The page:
Hirst, John (1983) Convict society and it’s enemies : a history of early New South Wales, Allen and Unwin, Sydney.
A word about websites and secondary sources: There is a great deal out there on the web and in secondary sources (eg written histories). These can be fantastic for assisting your research, vital even, however do not rely on them for all your research and do not take them as gospel.
For example: Sometimes a misspelling has meant that the name is not correctly indexed, or not indexed at all on the databases available on the web. Remember that names are transcribed from 19th century hand writing and mistakes can and are made.
Sometimes online database indexes cover only a portion of what is available eg in a given date range. Look at the fine print to see where they have got their information from. There might well be other indexes available as well, either on the same database or often there are paper or microfiche guides and indexes to the same resources in a library or archive so if you think a name should be there, try checking these alternatives.
Go to the original ‘primary’ sources wherever possible: There is nothing like looking at original ‘primary’ sources – that is - the actual document or ‘manuscript’. In many cases this just isn’t possible (it’s too frail or valuable or on the other side of the world) but you might be able to see an exact copy on a microfilm in a library for example and sometimes, original documents have been digitized on databases or on websites of major research institutions that hold convict records. By viewing the original or exact copy, you can often glean clues. For example, sometimes the context of the information is very helpful in getting a sense of the event that is being listed or described.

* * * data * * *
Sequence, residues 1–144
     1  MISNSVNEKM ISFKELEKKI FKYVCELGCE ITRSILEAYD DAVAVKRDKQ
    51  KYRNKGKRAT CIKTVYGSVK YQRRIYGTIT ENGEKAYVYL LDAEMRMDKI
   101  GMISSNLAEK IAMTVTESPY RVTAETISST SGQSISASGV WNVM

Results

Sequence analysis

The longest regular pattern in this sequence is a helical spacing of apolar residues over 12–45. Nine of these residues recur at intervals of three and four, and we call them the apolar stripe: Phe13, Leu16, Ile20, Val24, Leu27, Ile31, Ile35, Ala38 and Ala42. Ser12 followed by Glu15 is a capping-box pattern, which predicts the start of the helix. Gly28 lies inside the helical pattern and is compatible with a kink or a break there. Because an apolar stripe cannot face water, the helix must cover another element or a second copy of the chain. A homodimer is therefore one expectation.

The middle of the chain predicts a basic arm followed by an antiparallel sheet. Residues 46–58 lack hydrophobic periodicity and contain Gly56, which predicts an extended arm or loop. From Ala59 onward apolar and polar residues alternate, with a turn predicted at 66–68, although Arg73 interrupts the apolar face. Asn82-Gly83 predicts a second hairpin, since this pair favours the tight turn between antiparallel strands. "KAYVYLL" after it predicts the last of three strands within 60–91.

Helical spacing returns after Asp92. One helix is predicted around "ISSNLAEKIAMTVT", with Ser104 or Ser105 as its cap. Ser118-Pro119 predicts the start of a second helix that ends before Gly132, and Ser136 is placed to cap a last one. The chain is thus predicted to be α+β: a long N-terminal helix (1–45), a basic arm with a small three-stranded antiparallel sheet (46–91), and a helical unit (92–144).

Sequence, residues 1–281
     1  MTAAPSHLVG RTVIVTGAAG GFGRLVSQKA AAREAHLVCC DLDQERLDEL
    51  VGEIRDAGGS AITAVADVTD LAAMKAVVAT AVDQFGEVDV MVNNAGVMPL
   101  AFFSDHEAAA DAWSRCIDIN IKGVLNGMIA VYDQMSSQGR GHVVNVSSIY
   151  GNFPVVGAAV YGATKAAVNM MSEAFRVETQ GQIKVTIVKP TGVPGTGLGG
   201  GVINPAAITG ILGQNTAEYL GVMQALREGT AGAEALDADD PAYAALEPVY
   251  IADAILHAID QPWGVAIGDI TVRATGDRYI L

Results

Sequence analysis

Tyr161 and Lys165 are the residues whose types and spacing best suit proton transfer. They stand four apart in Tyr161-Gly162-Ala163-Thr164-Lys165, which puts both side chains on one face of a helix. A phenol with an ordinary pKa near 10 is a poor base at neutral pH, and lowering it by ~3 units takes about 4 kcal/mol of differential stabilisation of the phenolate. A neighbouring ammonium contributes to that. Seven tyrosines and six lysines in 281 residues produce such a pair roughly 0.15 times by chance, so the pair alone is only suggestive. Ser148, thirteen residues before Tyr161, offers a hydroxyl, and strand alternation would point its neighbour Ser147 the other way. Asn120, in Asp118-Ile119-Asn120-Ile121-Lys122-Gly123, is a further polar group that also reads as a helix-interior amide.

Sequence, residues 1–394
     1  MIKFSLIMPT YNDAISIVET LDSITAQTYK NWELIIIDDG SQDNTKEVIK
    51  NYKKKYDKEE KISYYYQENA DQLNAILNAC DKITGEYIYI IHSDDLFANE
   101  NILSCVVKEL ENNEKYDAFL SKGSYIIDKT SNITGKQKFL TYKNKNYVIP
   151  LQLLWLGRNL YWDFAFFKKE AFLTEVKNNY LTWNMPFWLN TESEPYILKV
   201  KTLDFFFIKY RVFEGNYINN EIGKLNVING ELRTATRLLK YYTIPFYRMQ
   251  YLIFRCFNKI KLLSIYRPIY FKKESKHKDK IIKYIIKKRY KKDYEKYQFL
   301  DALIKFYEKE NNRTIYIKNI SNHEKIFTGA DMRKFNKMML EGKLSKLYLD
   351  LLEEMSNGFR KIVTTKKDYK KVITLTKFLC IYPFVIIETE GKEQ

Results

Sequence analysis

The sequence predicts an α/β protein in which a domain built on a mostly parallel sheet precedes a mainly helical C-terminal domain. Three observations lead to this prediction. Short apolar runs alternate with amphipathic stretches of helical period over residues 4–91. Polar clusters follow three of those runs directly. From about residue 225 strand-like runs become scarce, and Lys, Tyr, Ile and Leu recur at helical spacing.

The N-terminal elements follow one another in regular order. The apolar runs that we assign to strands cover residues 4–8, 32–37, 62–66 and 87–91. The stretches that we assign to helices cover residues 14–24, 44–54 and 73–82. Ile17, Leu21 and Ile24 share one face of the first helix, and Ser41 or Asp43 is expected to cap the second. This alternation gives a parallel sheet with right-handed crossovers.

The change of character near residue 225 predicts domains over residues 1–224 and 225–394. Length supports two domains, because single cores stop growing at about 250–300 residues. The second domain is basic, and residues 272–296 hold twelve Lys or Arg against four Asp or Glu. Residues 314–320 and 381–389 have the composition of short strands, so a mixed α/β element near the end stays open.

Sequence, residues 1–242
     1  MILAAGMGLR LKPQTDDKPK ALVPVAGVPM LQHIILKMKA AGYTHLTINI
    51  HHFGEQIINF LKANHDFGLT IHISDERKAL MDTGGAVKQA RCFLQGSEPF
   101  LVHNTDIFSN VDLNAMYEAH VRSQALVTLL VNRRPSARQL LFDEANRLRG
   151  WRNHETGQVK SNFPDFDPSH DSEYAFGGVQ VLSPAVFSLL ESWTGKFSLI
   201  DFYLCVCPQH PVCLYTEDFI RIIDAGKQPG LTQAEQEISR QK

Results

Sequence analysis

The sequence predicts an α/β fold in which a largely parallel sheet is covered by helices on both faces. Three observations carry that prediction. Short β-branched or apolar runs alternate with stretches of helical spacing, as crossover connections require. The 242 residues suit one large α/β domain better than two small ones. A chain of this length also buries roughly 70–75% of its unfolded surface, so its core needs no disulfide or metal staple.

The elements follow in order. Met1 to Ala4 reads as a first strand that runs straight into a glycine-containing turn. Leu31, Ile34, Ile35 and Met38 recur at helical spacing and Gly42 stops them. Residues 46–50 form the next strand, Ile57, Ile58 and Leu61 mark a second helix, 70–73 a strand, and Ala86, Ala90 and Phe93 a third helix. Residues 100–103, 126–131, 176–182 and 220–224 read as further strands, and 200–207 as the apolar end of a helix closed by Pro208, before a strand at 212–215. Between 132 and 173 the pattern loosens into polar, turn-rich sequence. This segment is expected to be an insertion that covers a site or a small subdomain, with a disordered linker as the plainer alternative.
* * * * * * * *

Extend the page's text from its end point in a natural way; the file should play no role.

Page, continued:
Libraries and archives – Convict research Heaven:
More and more information is on the web, especially many indexes can be freely searched and if you want to exercise the credit card you can find quite a bit in terms of the original records. However, it’s the tip of the iceberg. The rest of the iceberg is in libraries and archives. These wonderful places are all working hard to get their stuff up on the web but this takes money and time. In the meantime a visit to these fine research institutions will pay dividends.
Can’t visit? Don’t despair. There is usually an online inquiry form or give them a ring. They can often send you copies of documents (for a fee) and some will even do a little research for you or at least advise you how to proceed on your topic.
Librarians and archivists are fantastic guides to their collections. They deal with hundreds of inquiries every week and develop a lot of knowledge about where you might find the information you are after. State Libraries and State Archives in Australia as well as some university libraries are the keepers of the main records such as those produced by government departments that managed convicts and personal papers such as convict letters or papers of wealthy landowners that employed lots of convicts. Also some overseas institutions are very important repositories of convict information such as the UK National Archives. (mini tip: Copies of many of the UK National Archives convict records are held in major libraries and archives in Australia – accessible for free and a few of those records are available online as well).
Local libraries are excellent sources of local historic information as well and if they have a local studies librarian, their knowledge of their collections and the local area will be an invaluable help.
Libraries and archives have developed lots of online guides to convict research and their websites are also alive with information if you look carefully – especially in the catalogue!!